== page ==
Four Times a Roller Coaster Ride Saved a Life

Despite often having a dangerous reputation due to the media sensationalizing the rare ride incidents, roller coasters are remarkably safe. In fact, some surprising health benefits of going to an amusement have been documented before. First, there are those long walks just to get on the roller coasters, then when you go on the thrill ride they’re a good workout for your hearts and lungs. Roller coasters are good for stress relief, fighting phobias, and clearing your sinuses. Some individuals have used them as motivation to lose weight, as Jared Ream did this past summer when he lost 190 pounds in order to be able to ride Orion at Kings Island. Riding roller coasters has even been found to be an unconventional way of clearing painful kidney stones.

But that’s not all. While I always figured a day spent at a theme park is good for your health, I never realized it might also save your life. I’ve come across four instances where, had these individuals not ridden a roller coaster, they may not be around today to tell their remarkable, and eerily similar, stories.

Emma Bassett

I first heard about Emma Bassett’s story in the book Creating My Own Nemesis, authored by famous theme park designer John Wardley. Emma Bassett had a huge brain tumor and was probably hours from death had she not ridden the Nemesis Inferno* roller coaster at Thorpe Park. The coaster ride redistributed fluid in her skull, relieving pressure on her brain that made it possible to live until she had two operations. John was stunned when he learned the news during a film shoot, a story he retells in his book.

*There are contradicting reports about which roller coaster it actually was Emma rode: Colossus or Nemesis Inferno.

Sally Dare

Sally Dare was on a family vacation in Florida when she rode The Incredible Hulk coaster at Universal’s Islands of Adventure theme park. Upon exiting the ride, she had headaches and blurred vision. The movements of the coaster had dislodged a tumor. Because of the early discovery, doctors were able to remove it successfully as it was only 2 cm in diameter. Without the coaster ride, it could have been another year or two before the tumor was discovered, and removable might have been impossible.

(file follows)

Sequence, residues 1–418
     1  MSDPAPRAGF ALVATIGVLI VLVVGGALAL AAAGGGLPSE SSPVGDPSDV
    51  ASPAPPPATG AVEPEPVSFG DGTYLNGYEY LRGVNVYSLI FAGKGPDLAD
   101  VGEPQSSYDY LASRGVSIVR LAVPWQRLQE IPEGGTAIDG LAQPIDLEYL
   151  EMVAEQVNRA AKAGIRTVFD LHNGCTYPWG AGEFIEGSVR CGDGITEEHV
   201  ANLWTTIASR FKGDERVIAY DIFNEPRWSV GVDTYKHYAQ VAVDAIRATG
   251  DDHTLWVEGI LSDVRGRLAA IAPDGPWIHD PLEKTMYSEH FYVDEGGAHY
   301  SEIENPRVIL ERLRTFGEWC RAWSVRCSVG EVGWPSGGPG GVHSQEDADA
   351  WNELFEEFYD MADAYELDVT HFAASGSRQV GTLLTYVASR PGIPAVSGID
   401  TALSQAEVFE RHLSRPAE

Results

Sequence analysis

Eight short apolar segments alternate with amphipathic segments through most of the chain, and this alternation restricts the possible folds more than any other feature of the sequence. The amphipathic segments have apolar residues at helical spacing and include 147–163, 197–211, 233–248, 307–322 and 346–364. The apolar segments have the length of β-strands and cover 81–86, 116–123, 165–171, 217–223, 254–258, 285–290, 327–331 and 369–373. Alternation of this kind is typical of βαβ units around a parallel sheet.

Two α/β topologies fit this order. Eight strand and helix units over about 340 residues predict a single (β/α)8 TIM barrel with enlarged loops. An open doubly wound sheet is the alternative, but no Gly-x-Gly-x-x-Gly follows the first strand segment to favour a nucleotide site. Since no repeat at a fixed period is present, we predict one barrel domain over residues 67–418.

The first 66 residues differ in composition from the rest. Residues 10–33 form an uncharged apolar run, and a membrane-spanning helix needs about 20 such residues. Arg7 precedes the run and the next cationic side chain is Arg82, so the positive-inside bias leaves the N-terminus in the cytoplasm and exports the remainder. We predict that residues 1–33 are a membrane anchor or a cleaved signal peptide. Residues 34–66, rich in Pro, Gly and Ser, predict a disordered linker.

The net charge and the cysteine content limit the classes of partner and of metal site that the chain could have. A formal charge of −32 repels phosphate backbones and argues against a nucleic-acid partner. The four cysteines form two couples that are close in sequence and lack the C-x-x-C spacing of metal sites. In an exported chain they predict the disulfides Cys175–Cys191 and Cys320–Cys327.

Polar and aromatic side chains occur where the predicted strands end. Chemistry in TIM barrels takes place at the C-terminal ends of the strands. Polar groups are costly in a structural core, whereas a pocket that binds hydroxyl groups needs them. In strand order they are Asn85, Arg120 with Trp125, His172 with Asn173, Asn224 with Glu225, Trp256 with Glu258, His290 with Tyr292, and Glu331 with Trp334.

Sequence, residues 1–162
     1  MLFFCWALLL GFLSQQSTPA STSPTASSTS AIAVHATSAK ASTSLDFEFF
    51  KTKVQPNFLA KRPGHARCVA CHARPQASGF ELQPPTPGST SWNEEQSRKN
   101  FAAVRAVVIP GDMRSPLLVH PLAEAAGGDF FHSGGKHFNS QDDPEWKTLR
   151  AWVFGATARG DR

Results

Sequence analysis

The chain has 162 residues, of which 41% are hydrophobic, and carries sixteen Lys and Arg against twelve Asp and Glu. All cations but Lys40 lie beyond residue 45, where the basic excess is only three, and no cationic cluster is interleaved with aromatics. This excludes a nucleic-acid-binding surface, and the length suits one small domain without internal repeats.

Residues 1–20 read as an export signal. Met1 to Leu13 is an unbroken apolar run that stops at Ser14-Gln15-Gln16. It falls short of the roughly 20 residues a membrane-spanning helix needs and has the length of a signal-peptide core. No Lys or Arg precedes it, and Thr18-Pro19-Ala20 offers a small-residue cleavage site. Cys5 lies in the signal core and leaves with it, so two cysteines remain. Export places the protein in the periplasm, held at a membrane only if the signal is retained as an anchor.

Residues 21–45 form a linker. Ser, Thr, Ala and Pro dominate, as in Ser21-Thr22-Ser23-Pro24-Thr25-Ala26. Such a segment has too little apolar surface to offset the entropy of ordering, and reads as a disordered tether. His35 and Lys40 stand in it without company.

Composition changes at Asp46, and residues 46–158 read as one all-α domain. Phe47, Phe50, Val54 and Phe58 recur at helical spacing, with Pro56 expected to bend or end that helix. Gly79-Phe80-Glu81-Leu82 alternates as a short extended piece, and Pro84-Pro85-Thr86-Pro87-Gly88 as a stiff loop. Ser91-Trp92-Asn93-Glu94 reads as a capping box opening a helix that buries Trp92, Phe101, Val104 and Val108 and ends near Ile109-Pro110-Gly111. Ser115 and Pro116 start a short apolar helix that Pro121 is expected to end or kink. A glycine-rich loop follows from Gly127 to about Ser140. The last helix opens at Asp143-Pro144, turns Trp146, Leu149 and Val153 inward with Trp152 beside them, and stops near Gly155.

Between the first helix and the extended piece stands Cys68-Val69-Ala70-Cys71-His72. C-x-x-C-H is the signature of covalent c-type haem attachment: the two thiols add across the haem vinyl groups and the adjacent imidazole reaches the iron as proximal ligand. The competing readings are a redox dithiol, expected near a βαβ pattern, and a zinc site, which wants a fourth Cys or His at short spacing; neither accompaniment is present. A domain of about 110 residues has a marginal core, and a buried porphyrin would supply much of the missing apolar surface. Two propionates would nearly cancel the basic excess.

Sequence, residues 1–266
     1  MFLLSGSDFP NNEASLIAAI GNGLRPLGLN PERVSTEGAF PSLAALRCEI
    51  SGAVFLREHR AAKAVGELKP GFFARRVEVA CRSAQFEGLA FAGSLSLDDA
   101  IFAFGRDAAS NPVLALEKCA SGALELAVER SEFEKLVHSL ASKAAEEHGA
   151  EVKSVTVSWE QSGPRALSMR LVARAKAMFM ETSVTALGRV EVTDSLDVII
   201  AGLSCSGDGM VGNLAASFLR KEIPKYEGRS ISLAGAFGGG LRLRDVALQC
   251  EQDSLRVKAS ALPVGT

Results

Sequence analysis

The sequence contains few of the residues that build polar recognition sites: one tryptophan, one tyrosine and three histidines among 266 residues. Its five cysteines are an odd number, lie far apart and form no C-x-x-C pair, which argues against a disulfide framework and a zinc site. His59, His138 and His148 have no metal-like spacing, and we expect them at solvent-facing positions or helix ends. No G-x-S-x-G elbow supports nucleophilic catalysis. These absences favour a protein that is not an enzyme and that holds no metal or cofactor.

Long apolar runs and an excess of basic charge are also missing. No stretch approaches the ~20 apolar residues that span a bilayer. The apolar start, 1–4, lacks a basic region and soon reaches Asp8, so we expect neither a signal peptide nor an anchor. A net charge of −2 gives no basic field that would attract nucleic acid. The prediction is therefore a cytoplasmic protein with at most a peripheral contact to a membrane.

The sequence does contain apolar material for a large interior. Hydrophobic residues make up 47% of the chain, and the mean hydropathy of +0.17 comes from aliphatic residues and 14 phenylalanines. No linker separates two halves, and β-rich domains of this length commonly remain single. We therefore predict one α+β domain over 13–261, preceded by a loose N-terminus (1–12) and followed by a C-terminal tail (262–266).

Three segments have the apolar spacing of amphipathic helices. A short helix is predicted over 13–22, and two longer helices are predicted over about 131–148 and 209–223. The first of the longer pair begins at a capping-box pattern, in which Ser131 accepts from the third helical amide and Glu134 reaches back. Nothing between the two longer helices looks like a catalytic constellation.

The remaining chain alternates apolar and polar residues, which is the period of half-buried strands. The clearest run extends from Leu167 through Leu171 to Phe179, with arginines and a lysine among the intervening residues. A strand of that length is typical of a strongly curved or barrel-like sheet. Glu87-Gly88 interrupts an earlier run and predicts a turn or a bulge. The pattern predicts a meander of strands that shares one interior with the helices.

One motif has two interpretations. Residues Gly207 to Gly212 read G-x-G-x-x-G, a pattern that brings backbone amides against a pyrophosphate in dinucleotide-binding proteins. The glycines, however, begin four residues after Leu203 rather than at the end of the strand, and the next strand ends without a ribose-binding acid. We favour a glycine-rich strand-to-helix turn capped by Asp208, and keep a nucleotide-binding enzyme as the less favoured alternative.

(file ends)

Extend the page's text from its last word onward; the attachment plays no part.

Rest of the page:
Molly White

A visit to Thorpe Park in April 2016 saved Molly White’s life, though she didn’t know it at the time. When she got off Colossus, the ten inversion Intamin looping coaster, she had a headache. The enduring pain from the headache and vomiting fits made her seek out medical treatment which lead to doctors discovering a brain tumor. Without riding the coaster and having the cancerous mass shifted enough to cause symptoms, who knows when it would have been discovered. It probably would have grown undetected until it was too late.

Michaeline Schmit

Michaeline Schmit was on a family vacation at Universal Studios in Orlando, Florida. She decided to ride a roller coaster and when she stepped off the ride, she had a migraine on the left side of her head. The pain never really went away, so once she returned home, she sought out medical treatment. After numerous doctor visits, she finally found out she had a brain tumor. Like the other women, if not for the roller coaster ride, it’s possible the tumor could have gone undiscovered until it was too late to operate. Instead, Michaeline had a successful surgery and hasn’t had any migraines since.

Roller Coasters Can Be Good For Your Health

One of the lessons here is don’t be alarmed if you have a headache immediately after riding a roller coaster or thrill ride. It doesn’t automatically mean you have a brain tumor. But if you do have a migraine, dizziness, sight issues, or other unusual symptoms lingering several days after visiting a theme park, then you should definitely seek out medication attention – it might save your life!

Every summer there’s always at least one sensational story in the media making it seem as though roller coasters and amusement parks are unsafe. It’s refreshing to hear a story from the other side. The next time you overhear someone in a queue talking about how “this ride killed someone!!” you can tell them about the times a roller coaster ride saved a life.

Do you know of any other stories where a roller coaster ride saved a life or made a big health impact? I’d love to hear about it in the comments below if you have!